Tabletop Scotland – Beautiful Boardgame Bonanza

Hi again!  I visited my second ever board gaming convention at the weekend; Tabletop Scotland 2019.  My first con was actually the same event last year, which was also the first time the event ran! Since I am relatively new to the convention scene, and this is a relatively new event, I thought I would share my experience, so that if you are thinking of going to a similar event you have an idea what to expect.

So, hobby or geeky conventions have been around for years now. The most well known worldwide would probably be Comic-Con, which is mainly focused around American comic books and all related media. They are a place for people with similar interests to get together, learn about new developments, and generally just geek out over their particular fandom. There are cons for a very wide range of different interests and activities around now, for pretty much anything you can think of.

Tabletop games are definitely not short of conventions across the world. Here in Europe, probably the largest one, in fact the largest in the world, is the annual Essen Spiel in Germany. This massive event attracts over 190,000 visitors, and is considered a Mecca for many game enthusiasts.  In the UK, there’s also the UK Games Expo in Birmingham every year, which is a pretty massive event itself.  While I would love to go to one of these big events one day, they would need a bit more of a time investment for me and my family, with at least an overnight stay.  Because of this, I was very pleased when the new event Tabletop Scotland was announced last year!  

One corner of Tabletop Scotland, with the Haba area in the foreground

Tabletop Scotland, being a newer event and being based in Scotland, has been quite a bit smaller than the events I mentioned above, but they have still managed to have well over a thousand visitors in their second year! It is run over two days, and this year had a lot of things going on, with over double the floor space compared to last year.  They had so many things to do and see, including seminars, role playing games, shops with new and used board games and accessories, stands from game designers and game accessory makers, tournaments of Ticket to Ride and Pandemic, some kind of lively pirate game was going on too, they also even had a Starship Bridge Simulator, where people could work as a team to pilot a Star Trek style ship!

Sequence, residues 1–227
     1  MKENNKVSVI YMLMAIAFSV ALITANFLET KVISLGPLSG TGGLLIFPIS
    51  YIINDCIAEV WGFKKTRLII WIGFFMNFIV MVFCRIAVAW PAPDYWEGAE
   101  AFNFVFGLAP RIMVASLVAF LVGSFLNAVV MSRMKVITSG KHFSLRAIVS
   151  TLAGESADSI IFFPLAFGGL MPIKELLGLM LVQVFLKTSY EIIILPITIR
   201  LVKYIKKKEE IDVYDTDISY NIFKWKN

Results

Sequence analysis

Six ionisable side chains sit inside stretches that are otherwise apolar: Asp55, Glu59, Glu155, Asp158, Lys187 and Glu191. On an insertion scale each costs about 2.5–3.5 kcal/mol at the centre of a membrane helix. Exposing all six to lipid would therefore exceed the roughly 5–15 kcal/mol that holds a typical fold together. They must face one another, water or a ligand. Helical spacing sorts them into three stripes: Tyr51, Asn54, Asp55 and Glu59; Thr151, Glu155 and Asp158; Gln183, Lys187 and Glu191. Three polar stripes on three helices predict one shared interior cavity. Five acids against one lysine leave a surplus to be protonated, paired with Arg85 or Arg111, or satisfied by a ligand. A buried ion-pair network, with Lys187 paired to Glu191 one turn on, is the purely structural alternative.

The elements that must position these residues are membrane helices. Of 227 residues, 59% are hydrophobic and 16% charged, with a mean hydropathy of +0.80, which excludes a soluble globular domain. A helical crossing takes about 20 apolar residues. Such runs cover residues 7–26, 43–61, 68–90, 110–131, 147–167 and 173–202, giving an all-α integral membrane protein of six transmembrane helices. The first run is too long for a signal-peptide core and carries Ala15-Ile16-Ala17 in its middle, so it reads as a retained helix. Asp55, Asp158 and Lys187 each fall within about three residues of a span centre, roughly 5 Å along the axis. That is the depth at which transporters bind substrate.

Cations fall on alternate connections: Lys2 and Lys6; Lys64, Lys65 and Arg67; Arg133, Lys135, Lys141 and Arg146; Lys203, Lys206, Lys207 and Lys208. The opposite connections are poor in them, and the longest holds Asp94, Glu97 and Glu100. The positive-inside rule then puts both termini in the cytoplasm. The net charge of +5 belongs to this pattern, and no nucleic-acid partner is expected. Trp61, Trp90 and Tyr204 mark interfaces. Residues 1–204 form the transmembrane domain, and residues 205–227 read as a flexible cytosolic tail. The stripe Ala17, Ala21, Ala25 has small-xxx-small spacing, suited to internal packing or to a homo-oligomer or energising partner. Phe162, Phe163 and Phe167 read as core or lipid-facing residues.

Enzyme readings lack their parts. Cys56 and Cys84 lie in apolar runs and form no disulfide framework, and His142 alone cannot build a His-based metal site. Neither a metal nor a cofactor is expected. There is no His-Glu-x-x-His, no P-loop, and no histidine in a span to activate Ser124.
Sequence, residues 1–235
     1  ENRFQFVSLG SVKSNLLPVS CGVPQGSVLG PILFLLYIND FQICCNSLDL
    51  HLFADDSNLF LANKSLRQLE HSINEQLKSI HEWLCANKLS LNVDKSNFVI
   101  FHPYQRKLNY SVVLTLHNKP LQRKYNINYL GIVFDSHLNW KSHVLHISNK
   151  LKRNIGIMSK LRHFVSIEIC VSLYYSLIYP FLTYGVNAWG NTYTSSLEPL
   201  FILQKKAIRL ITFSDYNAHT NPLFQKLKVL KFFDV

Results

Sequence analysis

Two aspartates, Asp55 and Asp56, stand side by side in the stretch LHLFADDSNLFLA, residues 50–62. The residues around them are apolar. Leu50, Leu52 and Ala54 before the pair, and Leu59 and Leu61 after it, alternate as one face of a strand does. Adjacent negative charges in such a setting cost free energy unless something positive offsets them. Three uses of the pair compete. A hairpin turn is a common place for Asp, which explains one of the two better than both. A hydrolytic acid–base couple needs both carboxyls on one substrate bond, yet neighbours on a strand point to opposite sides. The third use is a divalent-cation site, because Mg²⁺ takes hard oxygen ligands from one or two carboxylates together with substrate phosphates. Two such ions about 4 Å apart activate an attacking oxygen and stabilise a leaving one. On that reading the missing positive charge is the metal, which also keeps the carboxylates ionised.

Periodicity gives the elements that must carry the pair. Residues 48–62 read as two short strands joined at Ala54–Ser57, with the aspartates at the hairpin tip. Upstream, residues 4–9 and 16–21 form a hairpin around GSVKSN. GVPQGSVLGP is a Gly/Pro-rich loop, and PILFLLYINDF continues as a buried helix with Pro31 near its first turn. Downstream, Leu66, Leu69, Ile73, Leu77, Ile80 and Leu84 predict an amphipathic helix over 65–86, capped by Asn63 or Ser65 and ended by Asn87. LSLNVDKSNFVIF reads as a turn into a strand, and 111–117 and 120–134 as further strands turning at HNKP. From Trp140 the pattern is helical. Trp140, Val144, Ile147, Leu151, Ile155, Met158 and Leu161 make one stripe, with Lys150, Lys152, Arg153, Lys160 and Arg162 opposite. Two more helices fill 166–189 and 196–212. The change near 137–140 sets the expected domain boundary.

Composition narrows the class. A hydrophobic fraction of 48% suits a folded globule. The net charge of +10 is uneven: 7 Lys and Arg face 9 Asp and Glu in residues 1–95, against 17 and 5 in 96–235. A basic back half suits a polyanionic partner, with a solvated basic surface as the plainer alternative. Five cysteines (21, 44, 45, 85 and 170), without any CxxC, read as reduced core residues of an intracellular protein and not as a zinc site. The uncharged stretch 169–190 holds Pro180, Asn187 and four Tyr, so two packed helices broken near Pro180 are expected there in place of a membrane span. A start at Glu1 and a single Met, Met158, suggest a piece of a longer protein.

The main reason I went to Tabletop Scotland, and the main thing that was there however, was the board games to play.  There were there so many games.  There were tables everywhere in the two main halls with people just playing away.  It is a beautiful sight to see for a fan like me, and I really felt relaxed and ‘at home’.  There were a few areas set out for publishers to demonstrate their existing and newer games, a ‘gateway zone’ with helpers to assist newcomers to the board game world to play some of the more entry level games (this is actually the kind of game we play as a family, so we were happy there!), and there was also a large area of tables set out next to a board game library, run by the friendly Glasgow-based Dice Roll Café.  Here, for a deposit, you could freely take out and try as many games as you wanted!  

A Haba Pirate Gold game

Personally, I went to the event this year with only myself and my three kids (aged 7-11). Normally going to such a large event with young kids would be pretty daunting, but here we managed fine. All of the organisers and volunteer helpers were very friendly and approachable, and I also knew that the other attendees were gamers, who mostly tend to be nice people anyway!

We mainly spent the day playing games, of course.  We started at the Haba area, where we tried a couple of games before the kids proudly realised that they were too old for Haba now.. We then looked around the stalls. My youngest wants to be a game designer, so he was pleased to talk to someone that has designed and released a game with his 9 year old! (Handiwork Games – the game is The Forest Dragon.) In the gateway zone we tried Takenoko, which is about growing bamboo while pandas eat it, really good fun! After a break for lunch we spent pretty much the rest of the day at the library, trying four or five games from there. My oldest picked the last game of the day: Photosynthesis. This was a hit with all of us, and I went straight to buy it on the same day.

Photosynthesis – a nice looking game about growing a forest

I just loved the chilled out and family friendly atmosphere that we found at Tabletop Scotland. Maybe if it gets too popular it will be more crowded and stressful, but I thought the amount of people was ideal this year. We only went home in the end because the kids were getting tired, I would have happily spent a few more hours. In fact, I am considering next year to go for two days: one with the kids and one with only my wife and I!

I would definitely recommend Tabletop Scotland to anyone, from those who are just slightly interested in games, to those who are fully invested into the hobby, especially if you live in Scotland! Hope to see you there at Tabletop Scotland 2020!

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